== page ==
Wednesday, February 12, 2014

Forget home automation, what about office automation

The latest wave of Internet of Things thinking has firmly pushed a mix of protocols into the spotlight.
Zigbee, Z-wave and Insteon + hubs are against wifi, bluetooth and the raspberry pi/ardunio.

USB devices make the rpi effective in bridging the gaps, and projects like the thing system put the same Web based power within easy reach. 

Cloud services begin to make things really interesting by putting storage, remote actions and more within the reach of your smart phone. This convergence is great, when you hear about it. Then you realize your house is unique, and there isn't much to automate.

I am lucky enough to be in an organization that is shifting heavily to a web based core business application; while at the same time undertaking a shift to Google Apps for business.  The combination of mature smart devices and cloud services are going to change how we communicate,  collaborate and work; for the better.

But what happens when your web team with a devops focus can be given phone systems like Asterix, or complete control over the office hardware?
Things get a little bit interesting when you realise your entire workforce ends up in a polite surveillance society - one of machines and business logic that knows when you arrive at work; potentially your comfort level; and can reroute your calls if you step away or have a meeting scheduled.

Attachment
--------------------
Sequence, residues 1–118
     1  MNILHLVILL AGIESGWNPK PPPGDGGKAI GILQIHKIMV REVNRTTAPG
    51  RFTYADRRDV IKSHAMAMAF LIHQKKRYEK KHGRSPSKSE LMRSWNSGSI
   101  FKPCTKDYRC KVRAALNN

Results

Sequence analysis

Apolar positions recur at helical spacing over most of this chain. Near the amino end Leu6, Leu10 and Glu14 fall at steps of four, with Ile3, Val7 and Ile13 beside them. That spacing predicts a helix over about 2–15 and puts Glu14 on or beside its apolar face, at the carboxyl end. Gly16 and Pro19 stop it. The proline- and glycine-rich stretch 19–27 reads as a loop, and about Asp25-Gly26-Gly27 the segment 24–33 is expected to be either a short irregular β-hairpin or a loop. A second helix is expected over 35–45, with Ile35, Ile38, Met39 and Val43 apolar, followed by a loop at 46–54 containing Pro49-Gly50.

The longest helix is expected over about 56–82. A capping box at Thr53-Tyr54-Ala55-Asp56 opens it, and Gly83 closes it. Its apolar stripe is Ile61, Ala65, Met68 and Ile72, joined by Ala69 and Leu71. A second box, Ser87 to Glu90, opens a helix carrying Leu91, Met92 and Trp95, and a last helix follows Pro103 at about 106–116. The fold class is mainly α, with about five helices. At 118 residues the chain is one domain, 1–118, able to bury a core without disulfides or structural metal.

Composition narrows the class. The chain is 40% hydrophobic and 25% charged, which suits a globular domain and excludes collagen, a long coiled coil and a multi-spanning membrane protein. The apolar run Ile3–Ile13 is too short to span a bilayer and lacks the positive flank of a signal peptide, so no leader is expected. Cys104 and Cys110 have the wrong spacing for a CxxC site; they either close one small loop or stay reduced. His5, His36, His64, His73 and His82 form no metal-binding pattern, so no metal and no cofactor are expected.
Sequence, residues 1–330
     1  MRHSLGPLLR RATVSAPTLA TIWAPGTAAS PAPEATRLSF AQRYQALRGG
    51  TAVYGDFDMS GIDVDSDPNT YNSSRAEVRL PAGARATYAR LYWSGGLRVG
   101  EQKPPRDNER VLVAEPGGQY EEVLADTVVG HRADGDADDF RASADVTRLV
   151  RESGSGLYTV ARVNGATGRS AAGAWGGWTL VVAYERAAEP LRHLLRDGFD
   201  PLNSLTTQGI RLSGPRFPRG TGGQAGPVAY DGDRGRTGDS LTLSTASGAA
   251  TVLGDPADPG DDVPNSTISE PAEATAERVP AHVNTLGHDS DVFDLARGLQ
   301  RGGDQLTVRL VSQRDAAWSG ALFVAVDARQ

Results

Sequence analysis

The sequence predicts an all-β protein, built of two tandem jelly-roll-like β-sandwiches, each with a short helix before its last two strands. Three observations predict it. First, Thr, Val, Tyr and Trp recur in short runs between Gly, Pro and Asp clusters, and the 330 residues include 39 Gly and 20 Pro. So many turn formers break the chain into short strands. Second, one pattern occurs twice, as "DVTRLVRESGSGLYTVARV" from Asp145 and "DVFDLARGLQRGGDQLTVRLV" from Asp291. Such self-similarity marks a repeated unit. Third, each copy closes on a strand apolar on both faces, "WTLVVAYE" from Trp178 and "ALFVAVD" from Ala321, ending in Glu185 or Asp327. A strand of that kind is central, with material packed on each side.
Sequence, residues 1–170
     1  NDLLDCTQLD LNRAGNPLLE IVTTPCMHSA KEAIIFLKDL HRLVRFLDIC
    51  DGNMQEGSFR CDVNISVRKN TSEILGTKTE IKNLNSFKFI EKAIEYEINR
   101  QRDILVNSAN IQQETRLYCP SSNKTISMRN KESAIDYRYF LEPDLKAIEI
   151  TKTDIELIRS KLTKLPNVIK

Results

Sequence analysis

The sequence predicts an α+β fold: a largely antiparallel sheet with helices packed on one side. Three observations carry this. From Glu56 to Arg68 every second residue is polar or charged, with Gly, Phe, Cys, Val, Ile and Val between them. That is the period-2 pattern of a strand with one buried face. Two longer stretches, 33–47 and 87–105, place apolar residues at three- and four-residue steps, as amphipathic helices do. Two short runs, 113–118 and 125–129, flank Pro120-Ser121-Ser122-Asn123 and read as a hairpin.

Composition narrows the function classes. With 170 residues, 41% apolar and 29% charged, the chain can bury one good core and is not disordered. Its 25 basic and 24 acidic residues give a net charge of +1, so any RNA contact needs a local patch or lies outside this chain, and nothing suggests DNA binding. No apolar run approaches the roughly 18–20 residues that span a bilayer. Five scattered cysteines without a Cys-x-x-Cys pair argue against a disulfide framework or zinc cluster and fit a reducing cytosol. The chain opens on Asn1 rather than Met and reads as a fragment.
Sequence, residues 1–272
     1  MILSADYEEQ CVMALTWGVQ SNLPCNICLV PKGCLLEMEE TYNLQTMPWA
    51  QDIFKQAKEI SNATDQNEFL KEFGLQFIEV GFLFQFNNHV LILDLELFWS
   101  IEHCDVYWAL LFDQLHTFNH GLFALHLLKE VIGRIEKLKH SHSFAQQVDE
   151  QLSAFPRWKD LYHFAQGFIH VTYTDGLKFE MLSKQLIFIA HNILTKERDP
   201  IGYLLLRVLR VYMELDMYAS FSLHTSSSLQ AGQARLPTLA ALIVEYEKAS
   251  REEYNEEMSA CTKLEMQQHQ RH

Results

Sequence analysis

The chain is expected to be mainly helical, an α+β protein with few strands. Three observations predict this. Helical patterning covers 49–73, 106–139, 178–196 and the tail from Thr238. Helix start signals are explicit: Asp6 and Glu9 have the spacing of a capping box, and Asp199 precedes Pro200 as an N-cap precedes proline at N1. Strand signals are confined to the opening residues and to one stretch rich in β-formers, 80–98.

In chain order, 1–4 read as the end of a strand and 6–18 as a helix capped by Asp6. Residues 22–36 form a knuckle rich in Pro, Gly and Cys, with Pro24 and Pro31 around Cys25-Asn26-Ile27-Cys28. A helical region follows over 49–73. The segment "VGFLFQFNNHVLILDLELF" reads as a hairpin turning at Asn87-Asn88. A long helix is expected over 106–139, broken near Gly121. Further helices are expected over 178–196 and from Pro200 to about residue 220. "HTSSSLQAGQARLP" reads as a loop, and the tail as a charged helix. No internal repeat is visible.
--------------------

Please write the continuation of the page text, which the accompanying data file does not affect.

The idea of a smart printer (ala Google cloud print) that also predicts being out of paper [rather than just ink], inventory control systems that assemble your resupply orders through barcode scanning (if it works for a fridge it will work for office supplies), and just makes the office administrativia a non issue is well within reach.

One of the big revolutions of the web 2.0 era was the transition to the geoweb. The IaaS revolution is finally delivering benefits en masse; so is SaaS.

The IoT presence and sensor evolution is gaining hype; and feels as though it's approaching a point where cloud based servers can feasibly burn a large amount of compute time to work out if you want a coffee today, from your NoQ enabled store or not.
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